The Nisga’a Nation tourism board will be holding their first pilot tour in the Nass Valley this summer.
The tour from July 12 to 16 is part of a multi-year plan to encourage and grow tourism into the area, with an intention to create more jobs and infrastructure.
“The idea is to make Nisga’a Nation have their own destination brand,” says Bertram Mercer, manager of economic development of the Nisga’a Lisims Government.
The five-day tour highlights all four villages of the Nisga’a Nation, with visits to local restaurants, stays at lodges and cultural activities. Along the way are several stops at scenic nature sites such as the hot springs, the lava beds, waterfalls and lakes.
Approximately eight people, made up of tourism representatives and “influencers”, will be joining in the tour to test the fluidity of the itinerary and provide feedback on how “tourism ready” each location is, and how it can be improved. The tour will also be featured on Destination BC, Indigenous Tourism Canada and through different tour operators.
Dana Schoahs, director of marketing at Indigenous Tourism BC, says she sees great potential for the Nisga’a Nation and what it has to offer, especially given the vast landscape and uniqueness of the Nass Valley.
“[The goal is to] work with industry partners because they will be our influencers and they will also be the ones that kind of sell it,” she says. “It needs to be market ready [with] scheduled departures, the place has to be reliable and stuff like that…it’s really to understand where are we at with the destination? What needs to be happening? And where do we have to work with the individual businesses to get them to the next stage? It’s ironing out all the kinks.”
Scoahs says they’ve recognized an increase in expressed interest in Indigenous tourism in the province and nation-wide as more people are wanting to have more cultural experiences they can’t find in bigger cities.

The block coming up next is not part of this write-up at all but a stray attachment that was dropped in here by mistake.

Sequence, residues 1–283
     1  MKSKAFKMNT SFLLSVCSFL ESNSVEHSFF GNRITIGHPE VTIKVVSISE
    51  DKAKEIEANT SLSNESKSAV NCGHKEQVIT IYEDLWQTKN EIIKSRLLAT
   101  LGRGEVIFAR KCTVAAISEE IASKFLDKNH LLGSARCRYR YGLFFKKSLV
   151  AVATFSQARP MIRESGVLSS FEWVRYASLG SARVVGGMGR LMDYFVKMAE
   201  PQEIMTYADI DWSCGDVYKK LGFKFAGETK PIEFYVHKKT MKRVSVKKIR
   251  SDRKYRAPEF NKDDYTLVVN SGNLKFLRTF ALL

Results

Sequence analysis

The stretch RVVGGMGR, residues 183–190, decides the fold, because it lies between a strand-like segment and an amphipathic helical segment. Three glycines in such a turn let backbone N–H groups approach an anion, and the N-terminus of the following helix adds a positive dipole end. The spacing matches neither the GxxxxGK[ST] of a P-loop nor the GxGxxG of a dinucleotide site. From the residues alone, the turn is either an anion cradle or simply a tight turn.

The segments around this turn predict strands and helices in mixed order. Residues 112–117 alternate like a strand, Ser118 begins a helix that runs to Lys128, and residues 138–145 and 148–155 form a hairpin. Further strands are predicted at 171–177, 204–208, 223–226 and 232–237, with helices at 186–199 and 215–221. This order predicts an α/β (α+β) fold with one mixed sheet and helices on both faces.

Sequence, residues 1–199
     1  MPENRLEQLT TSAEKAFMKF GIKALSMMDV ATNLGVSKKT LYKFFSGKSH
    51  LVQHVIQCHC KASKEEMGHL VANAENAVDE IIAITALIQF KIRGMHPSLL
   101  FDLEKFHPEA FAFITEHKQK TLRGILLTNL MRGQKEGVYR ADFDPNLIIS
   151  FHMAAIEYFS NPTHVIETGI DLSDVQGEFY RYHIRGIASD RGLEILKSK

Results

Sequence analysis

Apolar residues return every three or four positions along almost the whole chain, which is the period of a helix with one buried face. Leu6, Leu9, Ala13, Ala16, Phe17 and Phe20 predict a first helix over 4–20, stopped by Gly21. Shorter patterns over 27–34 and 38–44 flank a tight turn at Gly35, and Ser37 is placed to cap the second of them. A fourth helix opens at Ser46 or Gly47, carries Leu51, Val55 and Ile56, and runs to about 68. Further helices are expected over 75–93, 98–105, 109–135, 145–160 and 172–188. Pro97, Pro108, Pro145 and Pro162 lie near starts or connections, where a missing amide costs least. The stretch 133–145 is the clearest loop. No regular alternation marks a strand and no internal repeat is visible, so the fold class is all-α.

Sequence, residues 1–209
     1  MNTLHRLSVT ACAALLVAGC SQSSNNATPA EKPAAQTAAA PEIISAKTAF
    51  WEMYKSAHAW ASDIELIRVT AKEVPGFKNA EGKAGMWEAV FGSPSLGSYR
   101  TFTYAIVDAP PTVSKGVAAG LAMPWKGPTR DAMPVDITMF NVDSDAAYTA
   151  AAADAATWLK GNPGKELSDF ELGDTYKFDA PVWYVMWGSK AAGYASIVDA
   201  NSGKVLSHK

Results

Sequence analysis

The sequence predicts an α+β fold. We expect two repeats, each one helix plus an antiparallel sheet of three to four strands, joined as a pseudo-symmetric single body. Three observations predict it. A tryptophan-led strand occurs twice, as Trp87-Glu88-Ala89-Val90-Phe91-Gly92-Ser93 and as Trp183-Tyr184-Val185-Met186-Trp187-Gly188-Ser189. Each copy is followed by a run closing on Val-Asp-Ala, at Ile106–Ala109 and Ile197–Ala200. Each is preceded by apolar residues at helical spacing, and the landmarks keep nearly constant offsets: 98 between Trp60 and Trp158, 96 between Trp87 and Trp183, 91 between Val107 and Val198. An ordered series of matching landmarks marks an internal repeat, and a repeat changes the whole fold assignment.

“They really [like to] experience a destination, not just like come in and come out,” says Schoahs. “One in three visitors to Canada are looking for an Indigenous tourism experience.”
Scoahs will help launch the Nisga’a tourism brand to entice a tourism appeal. Prior to this contract, Scoahs was a part in establishing Haida Gwaii’s Indigenous tourism and sees a lot of comparable factors. She says their aim is to convince people booking their next trip to Canada, specifically from countries like Germany, the Netherlands, and Australia, to include the Nass Valley on their to-do list.
“[This would be] really showcasing their culture, bringing that to the forefront and marrying it with the beautiful landscape for people to get an appreciation [of it all],” she says.
Driving through the Nass Valley, signs indicating points of interest along the Nisga’a Highway are part of the “Auto Tour Route”. These spots are designated tourist stops to be included in the itinerary, which would also eventually cater to tour buses in a few years. At the moment, these pull-offs are for self-guided and smaller vehicle tours.
“When someone comes in on the buses, we can bring them out to places to look at the sites and have an ambassador there to explain the significance,” Mercer says.
BC Parks has also been working with the Nisga’a tourism board to build more tourist-required facilities like rest stop washrooms, trail maintenance and a visitors centre.
Mercer adds their vision of a tourism industry has already sparked a few entrepreneurs to launch their own businesses. Members are able to enroll in business workshops and certification programs to help develop important skills that could benefit tourism in the area.